Forum: Analog Circuits How to make a Attenuation (Channel Out) without it acting as a Voltage Divider?

von R098 (Guest)

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Hi, I want to rebuild a amplifier that Amplifies a 2.8Vpp DC-50MHZ 
Signal. The Output should be 12dB (11,3Vpp) as in the technical 
Datasheet mentioned. So far so good, it works with the THS3491 (right on 
the edge, but it works in the simulation.

Now I want to design the Attenuation on CH1 and CH2. It attenuate 33dB. 
Problem I have with this is, that the Attenuation build a Voltage 
Divider with a T/Pi Attenuator and the 50 Ohm&also the 50 Ohm Load. It 
changes my Output Voltage..

How can I make that the CH1&CH2 Path (for measuring internal and output 
Voltage) don't change my Voltage? I thought that I could use a Buffer, 
than the Input is high impedance. But I couldn't find any Buffer that 
works with 0.1dB flatness at 50MHz and also the Input would be 22.5Vpp 
on the one at CH1..

How would you tackle this?

Datasheet of Reference Design I want to build: 


: Moved by Moderator
von Der_Zahn_der_Zeit (Guest)

Attached files:

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I suspect the TO speaks mainly German. So my answer written in German 
further back, first the translation made by DeepL:

I assume that the following happens in the B-Amp 12: The two attenuators 
are resistor dividers with 50 ohm output impedance. They don't need to 
be T or Pi dividers. However, the load and the change in output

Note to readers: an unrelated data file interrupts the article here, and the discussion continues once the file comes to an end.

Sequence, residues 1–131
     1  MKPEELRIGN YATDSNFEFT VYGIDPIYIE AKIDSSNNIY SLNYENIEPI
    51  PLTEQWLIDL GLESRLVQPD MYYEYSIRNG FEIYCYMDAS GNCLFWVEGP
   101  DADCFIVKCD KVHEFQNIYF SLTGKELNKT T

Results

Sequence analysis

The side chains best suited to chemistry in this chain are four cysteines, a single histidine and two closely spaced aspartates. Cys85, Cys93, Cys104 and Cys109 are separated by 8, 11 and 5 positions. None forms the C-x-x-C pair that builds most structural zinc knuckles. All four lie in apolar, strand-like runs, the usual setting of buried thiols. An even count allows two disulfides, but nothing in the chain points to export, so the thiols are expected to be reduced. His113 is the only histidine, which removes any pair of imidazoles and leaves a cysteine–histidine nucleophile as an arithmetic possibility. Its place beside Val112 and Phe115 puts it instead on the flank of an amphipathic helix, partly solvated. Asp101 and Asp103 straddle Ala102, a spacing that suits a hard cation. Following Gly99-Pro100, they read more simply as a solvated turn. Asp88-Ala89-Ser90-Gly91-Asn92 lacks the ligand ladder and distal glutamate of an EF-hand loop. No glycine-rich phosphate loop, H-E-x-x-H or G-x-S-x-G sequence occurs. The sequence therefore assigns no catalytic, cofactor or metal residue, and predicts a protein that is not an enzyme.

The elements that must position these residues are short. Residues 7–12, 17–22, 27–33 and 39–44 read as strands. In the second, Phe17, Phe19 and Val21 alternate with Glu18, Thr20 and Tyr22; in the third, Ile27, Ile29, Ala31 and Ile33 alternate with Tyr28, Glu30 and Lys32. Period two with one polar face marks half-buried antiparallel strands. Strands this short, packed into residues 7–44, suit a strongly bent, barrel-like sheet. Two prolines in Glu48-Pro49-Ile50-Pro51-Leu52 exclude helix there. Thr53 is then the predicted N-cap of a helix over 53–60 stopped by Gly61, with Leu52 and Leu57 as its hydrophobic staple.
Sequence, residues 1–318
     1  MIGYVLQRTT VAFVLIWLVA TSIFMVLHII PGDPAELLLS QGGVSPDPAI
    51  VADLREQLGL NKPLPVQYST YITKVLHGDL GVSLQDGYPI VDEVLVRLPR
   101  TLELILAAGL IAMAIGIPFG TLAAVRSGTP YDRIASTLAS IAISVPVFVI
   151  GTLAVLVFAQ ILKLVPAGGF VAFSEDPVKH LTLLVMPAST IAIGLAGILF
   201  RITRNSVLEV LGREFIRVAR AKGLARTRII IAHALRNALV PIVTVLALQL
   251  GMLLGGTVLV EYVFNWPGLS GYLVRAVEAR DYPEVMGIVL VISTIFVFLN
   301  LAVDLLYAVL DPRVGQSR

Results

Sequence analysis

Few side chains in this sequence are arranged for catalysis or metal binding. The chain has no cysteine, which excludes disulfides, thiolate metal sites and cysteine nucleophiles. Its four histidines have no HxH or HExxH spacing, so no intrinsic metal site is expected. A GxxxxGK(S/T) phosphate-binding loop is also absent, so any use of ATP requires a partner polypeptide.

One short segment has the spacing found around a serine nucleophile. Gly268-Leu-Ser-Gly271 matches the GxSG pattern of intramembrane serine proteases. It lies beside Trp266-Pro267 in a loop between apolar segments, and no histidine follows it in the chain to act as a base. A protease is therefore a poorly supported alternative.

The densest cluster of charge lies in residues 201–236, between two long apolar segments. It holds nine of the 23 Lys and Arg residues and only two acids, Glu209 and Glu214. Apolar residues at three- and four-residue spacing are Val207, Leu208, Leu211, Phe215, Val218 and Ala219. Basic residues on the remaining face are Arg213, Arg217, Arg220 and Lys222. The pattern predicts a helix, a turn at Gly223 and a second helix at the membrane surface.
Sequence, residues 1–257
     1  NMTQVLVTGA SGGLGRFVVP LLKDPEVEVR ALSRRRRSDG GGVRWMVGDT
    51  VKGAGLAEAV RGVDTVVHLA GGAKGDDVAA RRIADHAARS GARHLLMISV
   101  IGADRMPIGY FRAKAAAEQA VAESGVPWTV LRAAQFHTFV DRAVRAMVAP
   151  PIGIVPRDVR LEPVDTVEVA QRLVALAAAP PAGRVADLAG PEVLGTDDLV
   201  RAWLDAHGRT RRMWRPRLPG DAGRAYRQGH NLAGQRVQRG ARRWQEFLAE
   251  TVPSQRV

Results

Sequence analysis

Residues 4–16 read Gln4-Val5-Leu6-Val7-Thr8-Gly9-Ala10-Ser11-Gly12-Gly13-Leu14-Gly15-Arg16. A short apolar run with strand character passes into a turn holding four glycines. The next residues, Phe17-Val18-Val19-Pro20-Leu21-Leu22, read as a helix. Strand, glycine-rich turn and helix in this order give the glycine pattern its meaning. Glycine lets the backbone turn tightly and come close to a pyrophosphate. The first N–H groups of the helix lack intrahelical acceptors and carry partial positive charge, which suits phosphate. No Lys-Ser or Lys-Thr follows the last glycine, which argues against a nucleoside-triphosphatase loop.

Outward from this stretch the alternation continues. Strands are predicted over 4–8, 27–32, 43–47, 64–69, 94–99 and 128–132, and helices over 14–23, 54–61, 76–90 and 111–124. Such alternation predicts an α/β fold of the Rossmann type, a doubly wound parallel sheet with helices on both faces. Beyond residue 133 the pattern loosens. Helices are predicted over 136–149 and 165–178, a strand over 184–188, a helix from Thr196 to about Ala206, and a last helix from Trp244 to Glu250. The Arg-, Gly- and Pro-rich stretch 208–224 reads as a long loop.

impedance must be compensated by making the series resistance and gain 
slightly larger. The circuit shows estimated values, an exact 
calculation is more complex.

There is of course a feedback from the Att_Out to the VOut. The high 
attenuation is chosen so that it can be neglected. Otherwise another 
buffer would be necessary.


Ich vermute, der TO spricht hauptsächlich Deutsch. Also meine in Deutsch 
geschriebene Antwort weiter hinten, zuerst die von DeepL erstellte 

Ich nehme an, dass im B-Amp 12 folgendes passiert: Die beiden 
Abschwächer sind Widerstands-Teiler mit 50 Ohm Ausgangsimpedanz. Das 
brauchen keine T- oder Pi-Teiler zu sein. Allerdings muss die Belastung 
und die Änderung der Ausgangsimpedanz dadurch kompensiert werden, dass 
der Längswiderstand und die Verstärkung etwas größer werden. Die 
Schaltung zeigt Schätzwerte, eine genaue Berechnung ist aufwändiger.

Es gibt natürlich eine Rückwirkung vom Att_Out auf den VOut. Die hohe 
Dämpfung ist gewählt, damit sie vernachlässigt werden kann. Andernfalls 
wäre ein weiterer Buffer erforderlich.

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